A few years ago someone asked me to “run their payroll.” This particular place had enough issues to fuel multiple seasons of Game of Thrones, among the least of which was an inability or unwillingness to pay their payroll on time. It was just a matter of time until someone reported them to a government agency. I was to timely process the payroll, transfer funds, make tax deposits and so on.
Not a chance.
I have no problem processing a payroll. The one thing I will not do however is involve myself with making payroll tax deposits.
There is an IRS penalty out there called the “responsible person” penalty, which we have previously referred to as the “big boy” penalty. This is gallows humor, and you want nothing to do with this boy. The IRS becomes very grim when one withholds payroll taxes and fails to remit them to the government. They consider it theft. The IRS roots around to learn who in the company had control over cash – that is, who decides who to pay, who can sign checks, that type of thing. If that person is you, you may be a “responsible person,” meaning that you are also liable for the payroll taxes. The IRS can chase the company, it can chase you, it can chase both of you. You have stepped into someone else’s problem.
Where have I seen this? Mostly it stems from severe cash flow pressures, such as after the 2008 business crash. My last responsible person penalty client was a contractor on the Kentucky side of Cincinnati. What made it frightening was the IRS interviewing the controller/office manager in addition to the owners. Why? Because, once in a blue moon, she would write a check, mostly if there was no one else available to sign. That woman was understandably terrified.
I am reading a District Court decision coming out of Virginia. From 1990 to 2000 Brenda Horne was the office manager for a medical practice. Her duties included:
- Billing customers
- Collecting accounts receivable
- Making bank deposits
- Writing checks
- Preparing, signing and filing payroll tax returns
- Decisions about hiring, firing and employee compensation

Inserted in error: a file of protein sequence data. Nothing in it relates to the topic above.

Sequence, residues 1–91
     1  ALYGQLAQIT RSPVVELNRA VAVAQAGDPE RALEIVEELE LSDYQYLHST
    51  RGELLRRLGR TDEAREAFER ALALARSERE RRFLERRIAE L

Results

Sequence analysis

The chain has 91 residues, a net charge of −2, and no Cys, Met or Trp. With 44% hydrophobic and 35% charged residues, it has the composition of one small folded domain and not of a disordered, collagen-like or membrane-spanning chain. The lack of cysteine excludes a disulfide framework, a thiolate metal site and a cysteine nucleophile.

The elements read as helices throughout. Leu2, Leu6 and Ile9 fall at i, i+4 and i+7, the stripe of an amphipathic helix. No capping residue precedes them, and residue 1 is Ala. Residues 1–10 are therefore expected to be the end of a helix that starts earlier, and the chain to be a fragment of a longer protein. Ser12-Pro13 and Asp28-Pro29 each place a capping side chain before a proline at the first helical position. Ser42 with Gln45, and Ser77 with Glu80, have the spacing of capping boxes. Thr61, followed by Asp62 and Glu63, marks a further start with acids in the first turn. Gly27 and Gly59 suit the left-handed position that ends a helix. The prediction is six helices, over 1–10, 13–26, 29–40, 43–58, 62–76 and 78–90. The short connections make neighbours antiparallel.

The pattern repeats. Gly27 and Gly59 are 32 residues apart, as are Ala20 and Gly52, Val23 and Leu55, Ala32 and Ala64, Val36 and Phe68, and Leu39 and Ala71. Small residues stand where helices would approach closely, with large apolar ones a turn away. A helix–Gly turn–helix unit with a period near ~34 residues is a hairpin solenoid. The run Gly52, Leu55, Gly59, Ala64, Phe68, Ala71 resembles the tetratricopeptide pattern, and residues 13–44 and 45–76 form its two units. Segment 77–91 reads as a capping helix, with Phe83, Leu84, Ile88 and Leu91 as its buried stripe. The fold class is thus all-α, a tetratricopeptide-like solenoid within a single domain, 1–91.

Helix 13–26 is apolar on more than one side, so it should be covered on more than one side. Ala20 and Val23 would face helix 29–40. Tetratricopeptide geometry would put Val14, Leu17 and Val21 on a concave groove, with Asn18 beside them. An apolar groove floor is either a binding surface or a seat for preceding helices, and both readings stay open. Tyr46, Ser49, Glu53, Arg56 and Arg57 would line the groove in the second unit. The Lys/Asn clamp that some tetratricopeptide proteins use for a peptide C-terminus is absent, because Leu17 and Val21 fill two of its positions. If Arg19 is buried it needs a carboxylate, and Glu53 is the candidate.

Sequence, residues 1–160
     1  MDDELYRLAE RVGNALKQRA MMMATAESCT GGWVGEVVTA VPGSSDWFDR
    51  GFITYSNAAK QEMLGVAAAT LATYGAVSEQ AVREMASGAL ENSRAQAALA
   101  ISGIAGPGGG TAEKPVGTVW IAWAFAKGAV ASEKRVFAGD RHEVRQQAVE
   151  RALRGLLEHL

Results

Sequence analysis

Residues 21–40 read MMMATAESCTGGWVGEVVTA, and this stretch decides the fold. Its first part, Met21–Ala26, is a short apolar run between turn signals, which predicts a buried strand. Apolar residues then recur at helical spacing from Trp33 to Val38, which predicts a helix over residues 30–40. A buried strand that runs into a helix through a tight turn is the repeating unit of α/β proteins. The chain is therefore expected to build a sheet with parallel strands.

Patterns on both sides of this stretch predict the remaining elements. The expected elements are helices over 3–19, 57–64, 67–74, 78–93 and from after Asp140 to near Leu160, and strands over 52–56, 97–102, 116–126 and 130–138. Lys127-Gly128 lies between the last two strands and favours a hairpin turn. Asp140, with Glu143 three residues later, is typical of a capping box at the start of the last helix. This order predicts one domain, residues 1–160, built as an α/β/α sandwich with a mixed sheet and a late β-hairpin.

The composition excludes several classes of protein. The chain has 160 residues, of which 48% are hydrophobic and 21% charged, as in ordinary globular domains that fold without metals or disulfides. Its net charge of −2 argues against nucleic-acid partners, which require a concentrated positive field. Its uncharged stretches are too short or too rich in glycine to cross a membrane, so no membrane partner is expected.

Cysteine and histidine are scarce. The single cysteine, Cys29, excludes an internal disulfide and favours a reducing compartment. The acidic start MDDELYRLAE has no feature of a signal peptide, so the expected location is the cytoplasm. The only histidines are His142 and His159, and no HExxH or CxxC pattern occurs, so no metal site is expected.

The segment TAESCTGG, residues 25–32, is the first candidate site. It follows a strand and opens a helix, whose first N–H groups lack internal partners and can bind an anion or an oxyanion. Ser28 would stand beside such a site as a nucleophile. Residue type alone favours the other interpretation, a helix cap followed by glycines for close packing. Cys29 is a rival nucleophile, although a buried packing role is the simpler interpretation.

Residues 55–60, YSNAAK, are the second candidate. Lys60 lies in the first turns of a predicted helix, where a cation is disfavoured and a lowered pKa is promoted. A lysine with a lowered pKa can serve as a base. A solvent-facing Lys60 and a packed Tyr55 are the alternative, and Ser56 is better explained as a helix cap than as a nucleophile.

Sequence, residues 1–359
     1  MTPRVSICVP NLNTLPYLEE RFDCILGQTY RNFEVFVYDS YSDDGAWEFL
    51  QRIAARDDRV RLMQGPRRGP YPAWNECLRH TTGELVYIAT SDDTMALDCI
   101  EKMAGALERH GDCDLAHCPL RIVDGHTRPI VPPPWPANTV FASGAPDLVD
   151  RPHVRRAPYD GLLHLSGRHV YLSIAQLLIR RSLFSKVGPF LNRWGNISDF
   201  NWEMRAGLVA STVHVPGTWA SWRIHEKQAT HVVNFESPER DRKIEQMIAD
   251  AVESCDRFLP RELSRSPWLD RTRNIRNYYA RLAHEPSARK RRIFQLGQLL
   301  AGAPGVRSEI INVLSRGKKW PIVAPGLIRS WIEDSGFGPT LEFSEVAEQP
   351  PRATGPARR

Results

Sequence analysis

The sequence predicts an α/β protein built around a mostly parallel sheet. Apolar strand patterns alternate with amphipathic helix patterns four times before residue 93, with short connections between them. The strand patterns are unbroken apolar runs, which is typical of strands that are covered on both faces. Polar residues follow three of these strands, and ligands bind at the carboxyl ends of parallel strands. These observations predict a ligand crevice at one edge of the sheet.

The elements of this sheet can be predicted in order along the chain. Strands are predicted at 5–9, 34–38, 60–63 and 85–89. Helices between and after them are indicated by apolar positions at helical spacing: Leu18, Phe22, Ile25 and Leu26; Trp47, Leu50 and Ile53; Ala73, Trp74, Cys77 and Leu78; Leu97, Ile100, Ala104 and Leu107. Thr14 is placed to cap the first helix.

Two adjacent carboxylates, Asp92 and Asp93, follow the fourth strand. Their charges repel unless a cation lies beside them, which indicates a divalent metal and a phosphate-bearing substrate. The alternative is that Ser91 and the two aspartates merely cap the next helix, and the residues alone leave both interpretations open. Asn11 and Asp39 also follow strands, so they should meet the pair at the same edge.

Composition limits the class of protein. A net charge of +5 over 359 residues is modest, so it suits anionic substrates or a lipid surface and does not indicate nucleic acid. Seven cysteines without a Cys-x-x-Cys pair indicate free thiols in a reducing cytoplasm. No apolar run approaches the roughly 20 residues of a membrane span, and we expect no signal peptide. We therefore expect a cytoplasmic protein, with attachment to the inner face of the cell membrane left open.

The company stopped making payroll tax deposits in 2006. Brenda continued writing and signing checks to everyone but the IRS.
The IRS came in. The company owed over $2.8 million in back payroll taxes.
And now, so does Ms. Horne.
Perhaps she was part of this. Perhaps she was under-informed and went along in order to keep her job. She wouldn’t be the first. The fatal fact? That she could decide who to pay, who not to pay, and could sign checks accordingly. The IRS did not get paid, and they held her responsible.
Granted, the owners of the company are responsible long before an office manager is, but that is not the way the IRS approaches this. The IRS is happy to have several responsible persons. That increases the odds of collecting from someone. Theoretically, she could sue the medical practice and its owners for restitution if the IRS compelled her to pay. Considering that the company did not – or could not – pay the taxes when due, I am skeptical that it could pay Brenda Horne now.
It does not matter what she was paid for being an office manager. It cannot approach $2.8 million.
And the company’s loyalty to her?
She got fired at the end of 2010.
About the author
Steven D. Hamilton is a career CPA, with extensive experience involving all aspects of tax practice, including sophisticated income tax planning and handling of tax controversy matters for closely-held businesses and high-income individuals.